Worried about Dulles Toll Road rates continuing to increase beyond the eminently reasonable 22 quarters it now takes to make a round-trip visit to the wonders of
The Crystal Koons Car Valhalla Tysons? Don't worry, as the Virginia General Assembly has, as they say in the movies, a plan:
Lawmakers are considering legislation that would allow the state to back $500 million in bonds for the Dulles Rail project, reducing the interest rate on the borrowed money so that tolls wouldn't have to be raised by as much.Virginia lawmakers are also considering buying outright the Dulles Greenway, the privately built extension of the DTR that runs through the fertile particleboard nirvana of eastern Loudoun County, in order to keep tolls there from continuing to rise.
"I really want to protect our citizens from having tolls reach higher amounts than they should," said Del. Randy Minchew, R-Leesburg, the bill's sponsor.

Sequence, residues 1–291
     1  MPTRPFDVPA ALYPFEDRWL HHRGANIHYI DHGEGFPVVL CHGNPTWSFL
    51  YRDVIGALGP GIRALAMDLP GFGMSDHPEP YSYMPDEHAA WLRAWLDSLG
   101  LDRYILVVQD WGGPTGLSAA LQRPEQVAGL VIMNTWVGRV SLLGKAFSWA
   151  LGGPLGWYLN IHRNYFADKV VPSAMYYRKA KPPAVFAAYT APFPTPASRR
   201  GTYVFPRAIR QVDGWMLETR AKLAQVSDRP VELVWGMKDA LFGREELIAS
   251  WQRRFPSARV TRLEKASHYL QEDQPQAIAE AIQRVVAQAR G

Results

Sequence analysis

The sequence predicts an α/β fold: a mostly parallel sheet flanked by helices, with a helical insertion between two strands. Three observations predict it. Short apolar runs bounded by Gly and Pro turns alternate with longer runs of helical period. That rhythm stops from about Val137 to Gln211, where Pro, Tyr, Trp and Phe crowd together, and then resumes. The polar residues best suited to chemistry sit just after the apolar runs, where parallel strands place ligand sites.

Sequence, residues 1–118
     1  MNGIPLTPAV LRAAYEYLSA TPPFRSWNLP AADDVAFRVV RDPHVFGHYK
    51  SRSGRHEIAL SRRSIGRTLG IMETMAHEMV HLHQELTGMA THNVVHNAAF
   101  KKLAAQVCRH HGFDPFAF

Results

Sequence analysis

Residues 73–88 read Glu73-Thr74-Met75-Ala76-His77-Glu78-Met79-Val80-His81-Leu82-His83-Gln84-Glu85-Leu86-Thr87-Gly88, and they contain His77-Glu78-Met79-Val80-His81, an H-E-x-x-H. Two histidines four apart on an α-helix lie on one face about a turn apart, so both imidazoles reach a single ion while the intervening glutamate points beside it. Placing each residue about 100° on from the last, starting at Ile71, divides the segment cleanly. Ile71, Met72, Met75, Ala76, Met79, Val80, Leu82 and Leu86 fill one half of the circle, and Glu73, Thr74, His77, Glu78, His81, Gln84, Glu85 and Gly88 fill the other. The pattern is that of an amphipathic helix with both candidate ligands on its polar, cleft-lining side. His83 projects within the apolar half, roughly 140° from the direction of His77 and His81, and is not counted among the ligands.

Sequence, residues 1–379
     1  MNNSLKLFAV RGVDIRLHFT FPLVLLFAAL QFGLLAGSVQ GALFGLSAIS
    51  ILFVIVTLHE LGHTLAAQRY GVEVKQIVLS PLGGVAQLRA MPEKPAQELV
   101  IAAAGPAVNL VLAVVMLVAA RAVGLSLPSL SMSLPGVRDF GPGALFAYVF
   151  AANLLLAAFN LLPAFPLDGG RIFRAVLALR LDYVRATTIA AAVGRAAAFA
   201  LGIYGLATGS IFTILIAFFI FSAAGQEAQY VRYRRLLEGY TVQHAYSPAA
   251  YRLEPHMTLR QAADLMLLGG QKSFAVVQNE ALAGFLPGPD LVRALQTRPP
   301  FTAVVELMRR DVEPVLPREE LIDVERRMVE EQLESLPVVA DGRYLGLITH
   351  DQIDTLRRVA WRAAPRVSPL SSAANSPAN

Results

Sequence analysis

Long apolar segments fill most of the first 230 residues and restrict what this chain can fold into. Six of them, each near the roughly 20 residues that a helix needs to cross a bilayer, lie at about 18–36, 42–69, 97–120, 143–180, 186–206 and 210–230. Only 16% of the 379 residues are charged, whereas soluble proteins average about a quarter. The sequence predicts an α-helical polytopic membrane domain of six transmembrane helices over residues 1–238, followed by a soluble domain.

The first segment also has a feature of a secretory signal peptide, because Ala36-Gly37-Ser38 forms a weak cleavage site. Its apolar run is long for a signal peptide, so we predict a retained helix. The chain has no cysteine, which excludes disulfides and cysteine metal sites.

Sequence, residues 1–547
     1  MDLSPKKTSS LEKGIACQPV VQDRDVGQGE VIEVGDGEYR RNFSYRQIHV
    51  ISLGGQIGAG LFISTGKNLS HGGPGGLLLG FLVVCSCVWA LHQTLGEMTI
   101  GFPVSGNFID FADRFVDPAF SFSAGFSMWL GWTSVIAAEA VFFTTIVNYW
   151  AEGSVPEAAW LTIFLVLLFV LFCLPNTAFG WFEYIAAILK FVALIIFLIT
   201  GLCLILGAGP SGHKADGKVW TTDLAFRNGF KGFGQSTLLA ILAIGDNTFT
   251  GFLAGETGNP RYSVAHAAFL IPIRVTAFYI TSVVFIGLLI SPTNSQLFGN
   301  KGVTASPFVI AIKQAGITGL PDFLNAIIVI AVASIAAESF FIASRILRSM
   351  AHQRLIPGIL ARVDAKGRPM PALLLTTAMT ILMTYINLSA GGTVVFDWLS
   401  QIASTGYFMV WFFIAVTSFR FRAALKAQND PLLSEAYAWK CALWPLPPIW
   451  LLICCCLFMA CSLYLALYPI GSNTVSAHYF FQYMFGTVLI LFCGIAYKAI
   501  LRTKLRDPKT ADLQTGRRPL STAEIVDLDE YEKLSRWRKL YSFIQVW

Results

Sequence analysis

State leaders are now negotiating to buy the privately owned Greenway, a toll road west of Washington Dulles International Airport.As transportation ideas go, these are probably slightly less crazy (and slightly more realistic) than tolling the Fairfax County Parkway or building a fancy new outer outer Beltway. And they're definitely a lot less crazy than this cost-saving idea floated for the Silver Line itself last year. All they would take is money. Lots of money!
"I have to be able to negotiate an acceptable deal in terms of what we pay for it," said Del. Joe May, R-Leesburg, who is leading the push to buy the road. "I'm optimistic we're going to find a deal that works for both sides."
The Greenway could cost hundreds of millions of dollars, May said, but state ownership would be good news for commuters. The state is unlikely to raise tolls on the road, as its private owners are slated to do, he said. A trip down the Greenway now costs as much as $5.80 during peak periods.
Ayn Rand -- and presumably her ideologically aligned fellow travelers in the Virginia legislature -- would weep over any of these ideas, so who knows if they have any likelihood of gaining traction. On the other hand, Rand really liked trains, so maybe it's kind of a wash.